During the alignment of the lens and source stars, light bends around the lensing star two distinct streams of light reach Earth—the light originating from the source star and from the lens star. But as light also travels past the planet, another stream of light appears. Keep in mind that light is a type of energy, we cannot physically ‘see’ the light that arrives at Earth, but we can detect when these streams of light are combined because their brightness appears amplified. What is important is that we can detect when the light is being bent by the lens star and when it is being bent by the exoplanet. The light bent by the planet appears to us as a temporary spike in brightness. It may last for a couple of hours or multiple days. The duration and intensity of the planet’s bent light can be used to be used to determine a planet’s mass, orbit, and period with a high accuracy and probability.16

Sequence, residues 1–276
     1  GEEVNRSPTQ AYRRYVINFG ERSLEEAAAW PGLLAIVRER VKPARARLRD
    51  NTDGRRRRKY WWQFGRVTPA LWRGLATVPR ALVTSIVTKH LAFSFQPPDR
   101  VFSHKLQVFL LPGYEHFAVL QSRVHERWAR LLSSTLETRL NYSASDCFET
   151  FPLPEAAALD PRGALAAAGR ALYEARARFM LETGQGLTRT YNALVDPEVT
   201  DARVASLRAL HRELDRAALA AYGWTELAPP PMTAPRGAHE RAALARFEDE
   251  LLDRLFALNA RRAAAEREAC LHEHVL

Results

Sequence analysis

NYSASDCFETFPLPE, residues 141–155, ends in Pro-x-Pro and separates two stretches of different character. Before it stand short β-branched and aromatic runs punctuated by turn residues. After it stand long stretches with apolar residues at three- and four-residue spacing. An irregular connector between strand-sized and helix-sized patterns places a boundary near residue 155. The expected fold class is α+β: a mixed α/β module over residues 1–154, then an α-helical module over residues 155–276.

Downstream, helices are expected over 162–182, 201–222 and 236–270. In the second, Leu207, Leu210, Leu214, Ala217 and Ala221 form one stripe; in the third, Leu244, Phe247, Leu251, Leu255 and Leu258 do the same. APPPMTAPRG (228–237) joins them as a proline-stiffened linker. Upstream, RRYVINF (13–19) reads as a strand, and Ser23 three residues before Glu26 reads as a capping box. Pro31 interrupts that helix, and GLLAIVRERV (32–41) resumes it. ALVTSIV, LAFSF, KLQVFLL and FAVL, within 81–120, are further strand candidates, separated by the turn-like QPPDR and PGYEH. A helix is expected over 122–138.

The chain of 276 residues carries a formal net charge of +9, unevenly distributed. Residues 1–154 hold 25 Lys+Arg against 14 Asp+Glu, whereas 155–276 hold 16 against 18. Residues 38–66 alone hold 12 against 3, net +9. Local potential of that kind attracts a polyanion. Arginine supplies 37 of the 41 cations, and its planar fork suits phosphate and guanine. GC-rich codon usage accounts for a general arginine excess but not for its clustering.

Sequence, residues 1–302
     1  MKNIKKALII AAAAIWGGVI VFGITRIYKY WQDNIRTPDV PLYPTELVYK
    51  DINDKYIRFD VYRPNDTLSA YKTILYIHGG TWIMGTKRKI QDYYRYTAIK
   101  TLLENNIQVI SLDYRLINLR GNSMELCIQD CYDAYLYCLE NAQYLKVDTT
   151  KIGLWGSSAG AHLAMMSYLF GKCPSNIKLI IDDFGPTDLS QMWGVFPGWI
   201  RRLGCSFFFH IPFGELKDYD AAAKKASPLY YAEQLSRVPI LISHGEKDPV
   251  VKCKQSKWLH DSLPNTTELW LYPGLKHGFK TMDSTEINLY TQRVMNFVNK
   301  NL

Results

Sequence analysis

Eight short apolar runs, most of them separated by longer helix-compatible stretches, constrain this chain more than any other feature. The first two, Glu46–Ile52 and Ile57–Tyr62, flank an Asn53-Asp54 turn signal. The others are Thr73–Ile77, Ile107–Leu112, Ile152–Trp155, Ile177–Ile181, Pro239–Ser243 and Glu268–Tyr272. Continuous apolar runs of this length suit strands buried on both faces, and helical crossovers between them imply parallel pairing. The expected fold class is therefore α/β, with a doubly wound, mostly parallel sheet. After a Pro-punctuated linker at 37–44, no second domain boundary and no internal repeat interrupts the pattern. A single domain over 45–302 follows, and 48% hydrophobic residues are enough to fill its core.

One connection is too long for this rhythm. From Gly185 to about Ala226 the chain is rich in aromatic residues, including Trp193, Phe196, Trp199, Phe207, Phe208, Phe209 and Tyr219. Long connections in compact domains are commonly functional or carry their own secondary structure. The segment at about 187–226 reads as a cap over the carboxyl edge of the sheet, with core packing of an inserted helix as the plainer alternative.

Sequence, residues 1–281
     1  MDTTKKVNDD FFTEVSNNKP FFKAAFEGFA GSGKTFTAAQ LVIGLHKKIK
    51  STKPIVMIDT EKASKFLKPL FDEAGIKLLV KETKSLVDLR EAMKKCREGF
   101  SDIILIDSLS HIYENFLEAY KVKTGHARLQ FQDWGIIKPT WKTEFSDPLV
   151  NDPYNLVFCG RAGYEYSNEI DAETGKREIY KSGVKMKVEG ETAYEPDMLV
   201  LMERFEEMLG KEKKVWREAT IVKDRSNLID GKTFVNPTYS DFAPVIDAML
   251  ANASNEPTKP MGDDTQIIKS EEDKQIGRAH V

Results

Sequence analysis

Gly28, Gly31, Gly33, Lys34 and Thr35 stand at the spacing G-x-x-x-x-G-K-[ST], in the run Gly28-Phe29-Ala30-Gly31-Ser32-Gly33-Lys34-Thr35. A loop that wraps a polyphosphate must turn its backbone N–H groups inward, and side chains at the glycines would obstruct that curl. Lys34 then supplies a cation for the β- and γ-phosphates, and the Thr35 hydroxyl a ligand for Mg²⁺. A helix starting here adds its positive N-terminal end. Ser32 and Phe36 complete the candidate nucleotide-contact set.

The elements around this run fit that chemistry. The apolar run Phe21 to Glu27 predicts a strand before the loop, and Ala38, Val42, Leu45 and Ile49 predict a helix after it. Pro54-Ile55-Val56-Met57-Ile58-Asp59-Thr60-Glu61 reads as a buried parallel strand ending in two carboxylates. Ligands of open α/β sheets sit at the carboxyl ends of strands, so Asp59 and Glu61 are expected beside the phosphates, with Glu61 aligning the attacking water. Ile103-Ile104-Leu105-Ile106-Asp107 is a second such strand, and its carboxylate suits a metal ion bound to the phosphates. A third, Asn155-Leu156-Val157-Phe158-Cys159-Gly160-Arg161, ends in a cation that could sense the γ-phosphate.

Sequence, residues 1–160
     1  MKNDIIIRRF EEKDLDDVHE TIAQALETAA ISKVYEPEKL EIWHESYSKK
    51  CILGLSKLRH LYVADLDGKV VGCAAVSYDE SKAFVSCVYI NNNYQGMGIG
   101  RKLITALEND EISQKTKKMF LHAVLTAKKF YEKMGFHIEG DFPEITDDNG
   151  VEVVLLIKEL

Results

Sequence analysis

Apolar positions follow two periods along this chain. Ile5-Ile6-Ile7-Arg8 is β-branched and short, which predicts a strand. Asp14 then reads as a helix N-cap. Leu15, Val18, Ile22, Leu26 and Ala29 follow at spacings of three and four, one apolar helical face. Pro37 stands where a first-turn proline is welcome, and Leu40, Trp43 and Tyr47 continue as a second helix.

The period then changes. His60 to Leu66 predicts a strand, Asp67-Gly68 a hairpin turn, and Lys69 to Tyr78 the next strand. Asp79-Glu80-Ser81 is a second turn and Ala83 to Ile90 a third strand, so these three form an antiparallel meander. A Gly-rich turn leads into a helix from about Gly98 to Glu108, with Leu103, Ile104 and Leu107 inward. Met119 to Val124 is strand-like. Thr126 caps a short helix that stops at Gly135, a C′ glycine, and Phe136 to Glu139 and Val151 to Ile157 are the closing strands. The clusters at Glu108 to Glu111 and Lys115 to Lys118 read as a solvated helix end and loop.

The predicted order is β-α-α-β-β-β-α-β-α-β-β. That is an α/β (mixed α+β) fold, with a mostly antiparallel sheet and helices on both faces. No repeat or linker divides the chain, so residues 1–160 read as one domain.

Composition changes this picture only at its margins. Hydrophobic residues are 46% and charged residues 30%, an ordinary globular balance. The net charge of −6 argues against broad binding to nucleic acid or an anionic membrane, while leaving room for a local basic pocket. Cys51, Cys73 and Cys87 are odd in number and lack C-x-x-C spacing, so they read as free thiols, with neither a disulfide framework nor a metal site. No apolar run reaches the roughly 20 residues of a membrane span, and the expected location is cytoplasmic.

Like all methods of discovering exoplanets, gravitational lensing has inherent advantages and disadvantages. It can be used to discover planets incredibly far away from Earth—sometime thousands of light years away.16 Since gravitational lensing boils down to setting up a large telescope and watching for changes in flux measured, it is possible to examine massive search areas. We are essentially targeting tens of thousands of stars at the same time. However, the nature of the method has specific draw backs, particularly concerning repeatability and the accuracy of measurements. Due to the particular conditions that need to be met (that a lens star, with a planet, and source star line up from our perspective on Earth) to detect an exoplanet through gravitational lensing, it is unlikely to repeat these observations after stars fall out of alignment. If scientists’ measurements are even slightly inaccurate any error is greatly amplified and the results will not correspond to reality in any meaningful capacity.